activities (Vélez-Rubio et al. 2013; Lopes-Souza et al. 2015). We recorded stranding events in the region during the study period (2001–2007) using three sampling methods (Table 1; Lopes-Souza et al. 2015): (1) scientific patrols, in which a biologist with expertise on marine turtles surveyed for stranded turtles every 1–3 mo from August 2001 to June 2004 and once monthly from July 2005 to September 2007, using a 4×4 vehicle or by foot; (2) surveys conducted by Opportune Information Network (in Spanish, Red de Aviso Oportuno, RAO), in which trained community members searched for stranded turtles every 2–4 weeks by foot from January 2005 to January 2007 (Vernet and Gomez 2007); and (3) surveys by the Marine Turtle Working Group in the Gulf of Venezuela (in Spanish, Grupo de Trabajo en Tortugas Marinas del Golfo de Venezuela, GTTM-GV), a non-governmental organization, which carried out surveys opportunistically in the southern region of the GV at least once every 2 mo (Vélez-Rubio et al. 2013; Lopes-Souza et al. 2015). We used a 4×4 vehicle for patrols whenever possible; for areas without roads, islands, and beaches with cliffs, we entered the site on foot. We considered each visit to a site a patrol (Vélez-Rubio et al. 2013; Lopes-Souza et al. 2015).
In 2009 an aqueduct crossing part of the study area was constructed, which involved significant environ- mental effects. There are some evidences, provided through local ecological knowledge, pointing to negative effects of the construction of the aqueduct on some fish- eries. For example, the crevalle jack (Caranx hippos) performs a mid-year annual migration through the coasts of the Gulf of Venezuela in direction northwestsouth- westsoutheastnortheast, entering into the Golfete de Coro. This migration route of the crevalle jack is a re- cruitment to the area allowing the fishing communities of the Gulf of Venezuela and Golfete de Coro its exploita- tion. The fishers of the zone ensured that in 2009 the crevalle jack did not enter the Golfete de Coro, scared away by the noise of the machinery (shovels, drills, barges, among others) used in the construction of the aqueduct, despite having done its normal migration
Coral reef ecosystems are considered by several authors as key areas which hold a vast diversity of marine species. Comprehensive studies have been developed in Venezuela describing these ecosystems both taxonomically and ecologically. Nevertheless, there has been a lack of information from the Gulf of Venezuela. Systematic information was gathered through direct observations (apnea diving), submarine transects, underwater photography and videos, which confirmed the presence of coral patches, as well as their geographical, bathymetrical and environmental characteristics – salinity, temperature and turbidity in the Gulf of Venezuela. Fifteen species of stony coral were identified; 12 scleractinian and three milleporina. The effect of freshwater and significant sedimentation may be the reasons of a low richness in comparison with other areas in the southern Caribbean. These records increase the species and habitats diversity for the Gulf of Venezuela.
Thirty-two of the 35 interviewees stated that despite the cultural connections, it was the positive difference in mon- etary exchange rates when trading between the Colombian and Venezuelan currency that underpinned their part of the trade of marine turtles over the border. This inter- national trade is possible because the Guajira Peninsula is located between Colombia and Venezuela, and traditional Wayuú territory occurs on both sides of the Peninsula ’ s international border. Hence, the Wayuú people consider the entire peninsula as one ancient territory and not two nations (Chacín 2016; Perrin 1989; Rueda-Almonacid et al. 1992). Importantly, our data reveal that the Wayuú people do not recognise this type of trade as international and instead they believe it is a continuation of their ancient use and trade of resources within their traditional territory (all Guajira Peninsula) (Carrasquero and Finol 2010; Parra 2002). However, the social reality of the peninsula ’ s depressed economy means that the products now tend to be used commercially. Indeed, some interviewees claim that is worth selling the products further afield such as into Colombia ’ s populated centres of Maicao or Riohacha (Guajira Department) to achieve greater value due to the Bolivars-Colombian Pesos exchange rate. Similarly, we presume, based on our data, that it is the potentially high profit margins that drive fishers to sell hawksbill scutes (handcrafted or not) to Colombian localities, or even to other international destinations, such as Panama. Interest- ingly, this monetary exchange rate was the opposite in the 1980s and 1990s (Rueda-Almonacid et al. 1992) but it is not known whether the same or reverse patterns of use and trade existed.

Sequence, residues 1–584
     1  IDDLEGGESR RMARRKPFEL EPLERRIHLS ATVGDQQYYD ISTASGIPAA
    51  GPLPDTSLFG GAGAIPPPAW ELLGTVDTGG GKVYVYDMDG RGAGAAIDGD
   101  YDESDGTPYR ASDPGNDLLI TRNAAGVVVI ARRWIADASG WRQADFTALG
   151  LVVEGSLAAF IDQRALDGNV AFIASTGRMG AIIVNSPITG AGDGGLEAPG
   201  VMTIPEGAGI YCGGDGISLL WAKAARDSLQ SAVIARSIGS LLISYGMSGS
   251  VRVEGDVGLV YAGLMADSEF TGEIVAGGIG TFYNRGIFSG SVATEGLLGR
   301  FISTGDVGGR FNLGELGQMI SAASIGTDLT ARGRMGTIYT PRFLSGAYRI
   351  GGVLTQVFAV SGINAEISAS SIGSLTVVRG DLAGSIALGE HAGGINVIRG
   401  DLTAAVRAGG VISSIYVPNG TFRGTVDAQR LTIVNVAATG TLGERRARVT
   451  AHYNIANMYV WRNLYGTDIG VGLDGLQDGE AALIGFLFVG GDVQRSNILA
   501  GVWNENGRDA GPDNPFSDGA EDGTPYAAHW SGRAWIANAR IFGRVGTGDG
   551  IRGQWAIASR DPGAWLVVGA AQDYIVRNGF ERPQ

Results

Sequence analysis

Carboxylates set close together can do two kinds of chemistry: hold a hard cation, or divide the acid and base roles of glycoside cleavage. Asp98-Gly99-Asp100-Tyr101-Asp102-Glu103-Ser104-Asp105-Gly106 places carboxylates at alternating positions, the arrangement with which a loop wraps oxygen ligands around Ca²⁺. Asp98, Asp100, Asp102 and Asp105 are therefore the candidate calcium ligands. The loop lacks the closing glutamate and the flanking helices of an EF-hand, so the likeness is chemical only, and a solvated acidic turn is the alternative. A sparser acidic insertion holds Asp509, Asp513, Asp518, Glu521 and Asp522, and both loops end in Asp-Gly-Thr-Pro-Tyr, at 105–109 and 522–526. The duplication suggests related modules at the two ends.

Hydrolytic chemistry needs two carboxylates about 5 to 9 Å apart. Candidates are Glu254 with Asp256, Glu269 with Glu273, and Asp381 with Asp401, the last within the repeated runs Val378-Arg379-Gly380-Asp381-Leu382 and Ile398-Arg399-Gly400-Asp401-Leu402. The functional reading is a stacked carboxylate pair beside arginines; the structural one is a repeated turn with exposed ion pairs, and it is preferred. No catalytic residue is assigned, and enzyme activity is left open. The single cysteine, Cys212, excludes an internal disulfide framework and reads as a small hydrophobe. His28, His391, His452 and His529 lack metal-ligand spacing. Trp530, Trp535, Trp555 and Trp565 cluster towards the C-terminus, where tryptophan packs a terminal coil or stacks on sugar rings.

8 led to his election in 1998. He reinforces this statement by describing the anti-elite sentiment that rose during the 1990s in Venezuela. It was due to globalization that the Venezuelan elites had strengthened their ties with American businesses. 24 This development mirrors characteristics of the Lumpenbourgeoisie, demonstrating the analytical validity of Frank’s ideas. James Petras looks at Chávez’s regime in a similar fashion, bringing a historical analytical perspective, joining neoliberalism, local elites, imperialism and one of the main foundations of Chávez’s ideology: Bolivarianism. Simon Bolivar was the man who led the revolts against the Spanish Empire in the early 19 th century in order to liberate South America. 25 Petras argues that Chávez saw that the class struggle following decades of neoliberalism had much in common with the one found in colonial times. The Venezuelan President took inspiration from Bolivar’s writing, where it was essential to gain “mass support against untrustworthy domestic elites capable of selling out the country to defend their privileges”. 26
How broadly does the phrase “in connection with the purchase or sale of any security” sweep? It surely encompasses individuals and entities who make material misrepresentations while buying or selling securities. Texas Gulf Sulphur, however, was doing neither at the time it issued its ill-advised press release. If the company had been buying back shares at the time of its pessimistic press release (or, more commonly, selling shares while making unduly optimistic statements), liability would have been straightforward, even under the common law of deceit. Indeed, a CEO purchasing shares while badmouthing the company’s prospects was the impetus for the SEC’s adoption of Rule 10b-5 in 1942. 25 But should